You shall love the Lord your God with all your heart and with all your soul and with all your might. (Deuteronomy 6:5)

  1. How can commandments be given about those things that are not under a person's control? It is inconceivable that a person should be charged to do things not dependent on his own will. (Akedat Yitzhak [Rabbi Isaac Arama, 1420-1494, Spain])
  2. It is asked: Love is a human emotion, and how can a person be commanded to love? And what should a person do if he does not have that emotion? Rather, it appears that deep within every person there is embedded a love for God, but we must bring this emotion out into the open. That is what this commandment of “You shall love” implies - that you should take such actions as lead to bringing this emotion to the fore. (Sefat Emet [Rabbi Judah Aryeh Leib Alter, 1874-1905, Poland])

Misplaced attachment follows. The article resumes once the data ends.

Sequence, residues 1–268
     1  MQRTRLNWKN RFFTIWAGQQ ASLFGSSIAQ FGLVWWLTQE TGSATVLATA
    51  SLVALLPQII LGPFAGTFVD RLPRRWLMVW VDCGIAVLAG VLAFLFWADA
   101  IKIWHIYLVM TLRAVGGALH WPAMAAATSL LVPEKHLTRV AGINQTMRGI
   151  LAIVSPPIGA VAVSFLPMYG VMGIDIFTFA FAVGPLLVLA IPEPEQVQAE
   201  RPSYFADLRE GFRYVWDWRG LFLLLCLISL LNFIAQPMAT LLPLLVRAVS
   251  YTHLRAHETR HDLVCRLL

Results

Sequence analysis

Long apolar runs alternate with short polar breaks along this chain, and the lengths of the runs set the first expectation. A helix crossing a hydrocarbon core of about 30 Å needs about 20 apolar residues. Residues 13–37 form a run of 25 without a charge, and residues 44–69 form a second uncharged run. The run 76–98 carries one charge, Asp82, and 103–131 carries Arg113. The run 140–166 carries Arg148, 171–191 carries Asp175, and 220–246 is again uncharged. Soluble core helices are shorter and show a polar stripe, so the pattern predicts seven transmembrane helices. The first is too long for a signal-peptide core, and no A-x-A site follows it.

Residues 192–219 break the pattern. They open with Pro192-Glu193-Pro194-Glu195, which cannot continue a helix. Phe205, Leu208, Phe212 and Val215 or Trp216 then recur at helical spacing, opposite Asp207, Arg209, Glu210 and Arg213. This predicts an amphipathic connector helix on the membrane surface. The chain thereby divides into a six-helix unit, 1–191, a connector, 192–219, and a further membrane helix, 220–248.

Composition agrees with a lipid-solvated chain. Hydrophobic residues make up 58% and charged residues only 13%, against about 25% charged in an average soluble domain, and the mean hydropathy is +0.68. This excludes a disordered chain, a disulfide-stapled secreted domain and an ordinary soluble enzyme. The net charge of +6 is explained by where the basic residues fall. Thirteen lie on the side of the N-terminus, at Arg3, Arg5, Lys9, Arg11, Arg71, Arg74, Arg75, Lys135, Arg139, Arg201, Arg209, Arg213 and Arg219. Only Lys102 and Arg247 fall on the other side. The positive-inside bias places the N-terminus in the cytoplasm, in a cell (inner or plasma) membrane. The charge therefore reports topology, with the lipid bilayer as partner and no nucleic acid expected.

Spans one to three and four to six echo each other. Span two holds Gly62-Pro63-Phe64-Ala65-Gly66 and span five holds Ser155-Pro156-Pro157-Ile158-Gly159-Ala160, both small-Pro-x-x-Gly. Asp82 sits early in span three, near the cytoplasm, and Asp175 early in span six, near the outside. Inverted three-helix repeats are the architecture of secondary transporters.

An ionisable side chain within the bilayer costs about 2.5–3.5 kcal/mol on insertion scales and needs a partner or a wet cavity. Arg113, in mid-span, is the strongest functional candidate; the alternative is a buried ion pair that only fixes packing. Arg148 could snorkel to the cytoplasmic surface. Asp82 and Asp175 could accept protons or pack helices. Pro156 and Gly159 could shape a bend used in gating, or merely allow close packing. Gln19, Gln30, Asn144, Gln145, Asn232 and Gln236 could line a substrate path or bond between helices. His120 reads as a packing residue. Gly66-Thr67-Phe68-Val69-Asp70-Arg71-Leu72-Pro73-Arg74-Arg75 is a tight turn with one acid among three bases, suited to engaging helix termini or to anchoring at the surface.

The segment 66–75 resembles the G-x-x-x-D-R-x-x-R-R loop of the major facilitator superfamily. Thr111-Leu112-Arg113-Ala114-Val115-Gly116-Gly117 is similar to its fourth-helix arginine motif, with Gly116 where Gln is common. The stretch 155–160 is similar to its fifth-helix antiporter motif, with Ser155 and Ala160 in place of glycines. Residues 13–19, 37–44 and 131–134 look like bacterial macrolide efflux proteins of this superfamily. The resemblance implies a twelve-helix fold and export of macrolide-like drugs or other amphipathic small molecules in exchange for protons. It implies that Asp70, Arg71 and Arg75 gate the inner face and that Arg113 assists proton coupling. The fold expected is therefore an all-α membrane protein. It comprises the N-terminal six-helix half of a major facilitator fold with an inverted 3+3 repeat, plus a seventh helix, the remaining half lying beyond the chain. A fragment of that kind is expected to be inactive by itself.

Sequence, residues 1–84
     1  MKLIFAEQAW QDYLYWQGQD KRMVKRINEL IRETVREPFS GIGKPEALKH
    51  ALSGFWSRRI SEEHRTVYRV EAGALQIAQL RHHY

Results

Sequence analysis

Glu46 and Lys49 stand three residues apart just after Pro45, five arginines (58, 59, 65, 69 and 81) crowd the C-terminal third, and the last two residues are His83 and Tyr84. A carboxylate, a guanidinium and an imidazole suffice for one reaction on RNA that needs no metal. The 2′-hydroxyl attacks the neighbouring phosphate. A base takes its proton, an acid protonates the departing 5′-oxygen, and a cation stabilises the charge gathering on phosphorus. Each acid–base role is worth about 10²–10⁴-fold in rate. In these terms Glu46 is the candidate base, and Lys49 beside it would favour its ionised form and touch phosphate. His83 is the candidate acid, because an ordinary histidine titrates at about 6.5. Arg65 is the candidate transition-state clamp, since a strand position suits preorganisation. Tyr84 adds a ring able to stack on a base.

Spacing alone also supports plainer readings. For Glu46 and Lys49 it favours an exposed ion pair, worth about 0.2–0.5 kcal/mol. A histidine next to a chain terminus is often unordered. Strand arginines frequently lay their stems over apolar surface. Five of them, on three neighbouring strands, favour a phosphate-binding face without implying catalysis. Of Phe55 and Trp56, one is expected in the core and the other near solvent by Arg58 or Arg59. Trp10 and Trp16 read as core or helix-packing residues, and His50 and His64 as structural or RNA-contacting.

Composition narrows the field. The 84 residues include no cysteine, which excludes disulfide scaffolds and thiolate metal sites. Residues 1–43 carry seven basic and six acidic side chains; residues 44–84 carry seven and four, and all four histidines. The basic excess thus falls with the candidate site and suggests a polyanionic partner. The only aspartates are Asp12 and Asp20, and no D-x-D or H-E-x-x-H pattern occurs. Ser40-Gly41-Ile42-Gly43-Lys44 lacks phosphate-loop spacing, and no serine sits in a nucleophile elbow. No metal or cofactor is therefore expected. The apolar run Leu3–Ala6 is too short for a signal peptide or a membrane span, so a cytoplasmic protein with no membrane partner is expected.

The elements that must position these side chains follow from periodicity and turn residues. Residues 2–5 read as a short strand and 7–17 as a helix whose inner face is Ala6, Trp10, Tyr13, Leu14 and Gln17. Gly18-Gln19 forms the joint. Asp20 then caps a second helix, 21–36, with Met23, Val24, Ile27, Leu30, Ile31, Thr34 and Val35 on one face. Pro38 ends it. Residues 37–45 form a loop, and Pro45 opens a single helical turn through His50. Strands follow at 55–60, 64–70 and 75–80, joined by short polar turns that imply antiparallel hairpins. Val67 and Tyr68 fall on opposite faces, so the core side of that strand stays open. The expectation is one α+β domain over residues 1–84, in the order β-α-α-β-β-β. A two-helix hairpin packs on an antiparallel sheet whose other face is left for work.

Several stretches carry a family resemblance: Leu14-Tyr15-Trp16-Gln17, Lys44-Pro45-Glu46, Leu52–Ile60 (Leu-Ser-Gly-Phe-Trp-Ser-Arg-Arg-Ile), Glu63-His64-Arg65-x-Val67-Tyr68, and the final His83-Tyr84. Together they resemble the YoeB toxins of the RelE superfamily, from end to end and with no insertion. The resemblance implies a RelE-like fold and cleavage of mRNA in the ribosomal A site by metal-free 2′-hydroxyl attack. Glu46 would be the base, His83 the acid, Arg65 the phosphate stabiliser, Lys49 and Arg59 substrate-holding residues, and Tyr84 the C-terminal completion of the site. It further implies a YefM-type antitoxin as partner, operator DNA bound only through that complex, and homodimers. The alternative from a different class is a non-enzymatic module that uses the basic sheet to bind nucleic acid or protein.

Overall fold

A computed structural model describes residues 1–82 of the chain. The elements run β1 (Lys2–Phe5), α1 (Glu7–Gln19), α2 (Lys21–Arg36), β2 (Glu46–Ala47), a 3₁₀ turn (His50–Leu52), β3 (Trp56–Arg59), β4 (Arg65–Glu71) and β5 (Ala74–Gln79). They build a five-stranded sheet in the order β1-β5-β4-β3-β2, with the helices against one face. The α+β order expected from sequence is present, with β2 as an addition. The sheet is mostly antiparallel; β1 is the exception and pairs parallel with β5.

3. Make Him beloved to humanity, as did our father Abraham in the matter referred to in the verse, “And the people [literally, souls] that they had acquired in Haran” (Genesis 12:5). But is it not true that if all the creatures in the world were to convene in order to create just one gnat and endow it with a soul, they would not be able to do so? Hence we learn that Abraham converted people, thus bringing them under the wings of the Shekinah. (Sifre)